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A team from Exeter University and the Learning Institute has developed a new approach to Religious Education in Primary Schools. It is called ‘the RE-searchers approach’. It encourages pupils to think about the significance and effectiveness of different methodologies and methods of enquiry in Religious Education. To make these accessible to young children, we have personified some of them as cartoon characters. Individually these characters are called Debate-it-all Derek, Ask-it-all Ava, Have-a-go Hugo, and See-the-story Suzie, but collectively they’re known as the ‘RE-searchers’. Each character holds different assumptions about religion(s) and advocates different research methods (e.g. questioning and arguing, interviewing and empathizing, participating and experiencing, and narrating and exploring interpretations). Once acquainted with our characters and their respective characteristics as researchers, pupils can undertake learning activities associated with each of them in pursuit of different understandings of religion(s).
These webpages include resources that:
– explain who the RE-searcher characters are
– explain how the RE-searchers approach can be used
– provide examples of exemplar planning and activity ideas
– explore the theoretical underpinnings of the approach
This online space will be used to provide a repository for such materials as we continue to develop the approach and accompanying resources. Materials have been written primarily for teachers, teacher educators and teacher trainees, but will be of interest to all those concerned with Religious Education in schools. We are keen to find more collaborators who wish to trial the approach and contribute to our understanding of how it can be used to support learning and learners in a range of contexts, thereby contributing to its future development. To receive more information on how to do so, please contact email@example.com.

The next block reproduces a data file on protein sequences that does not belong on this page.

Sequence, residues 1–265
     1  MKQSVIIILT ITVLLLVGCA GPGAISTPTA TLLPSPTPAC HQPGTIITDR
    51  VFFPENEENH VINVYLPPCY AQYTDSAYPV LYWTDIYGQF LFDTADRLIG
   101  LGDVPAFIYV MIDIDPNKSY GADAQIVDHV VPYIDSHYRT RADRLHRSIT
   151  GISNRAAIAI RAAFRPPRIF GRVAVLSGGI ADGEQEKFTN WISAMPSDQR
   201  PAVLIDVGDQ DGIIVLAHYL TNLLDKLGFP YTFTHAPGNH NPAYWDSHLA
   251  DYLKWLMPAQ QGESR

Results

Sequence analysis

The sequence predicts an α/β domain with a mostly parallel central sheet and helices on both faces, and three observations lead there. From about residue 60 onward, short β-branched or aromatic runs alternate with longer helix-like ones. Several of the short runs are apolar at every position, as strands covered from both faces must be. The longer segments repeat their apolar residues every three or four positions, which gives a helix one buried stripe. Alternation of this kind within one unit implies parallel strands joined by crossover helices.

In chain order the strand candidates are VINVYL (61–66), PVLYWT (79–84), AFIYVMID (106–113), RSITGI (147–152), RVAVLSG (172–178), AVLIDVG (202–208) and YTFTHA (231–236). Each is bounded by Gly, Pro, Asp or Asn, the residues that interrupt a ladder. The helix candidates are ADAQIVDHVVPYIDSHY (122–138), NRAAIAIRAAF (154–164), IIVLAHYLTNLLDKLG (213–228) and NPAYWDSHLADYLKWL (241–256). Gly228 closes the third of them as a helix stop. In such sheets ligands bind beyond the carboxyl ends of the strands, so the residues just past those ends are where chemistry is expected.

The RE-searchers approach has been developed through ‘close-to-practice’ theorisation and conceptualisation within the parameters of the policy and legal frameworks defining Religious Education in maintained schools without a religious affiliation in England. This work has been led by Rob Freathy at the University of Exeter and Giles Freathy, a Specialist Leader in Education in a primary school in South West England. The approach aims to initiate pupils into the communities of academic enquiry concerned with theological and religious studies. It takes as its starting point the following key assumptions: (i) religions are complex, diverse, multi-faceted, evolving and multi-dimensional phenomena; (ii) there are multiple methodologies and methods for generating knowledge about religion(s); and (iii) a multi-methodological pedagogy is necessary to avoid favouring one particular approach over others. Using the RE-searchers approach can help with learning about religion(s) and learning how to learn about religion(s) by creating a balance between: (i) subject content and issues of representation; (ii) learning processes and research methods; and (iii) personal evaluation and self-reflection.
The development of project materials has been generously funded by Culham St. Gabriel’s Trust and the Hockerill Foundation, and to whom we are very thankful for their faith, support and generosity. In addition to these two bodies we would also like to express our thanks to the following for supporting our work: The Learn Teach Lead RE Project, Sir Robert Geffery’s Primary School, The Learning Institute, Leigham Primary School, The University of Exeter Design Studio, Karen Walshe, Geoff Teece, Jonathan Doney, Lorraine Abbott, Emma Butler, Izzy Williams, Katie Freeman, Tatiana Wilson, Linda Rudge, Julie Curtis, Dave Francis, James Robson, Mark Chater, Nick Appleby and Danielle Golding.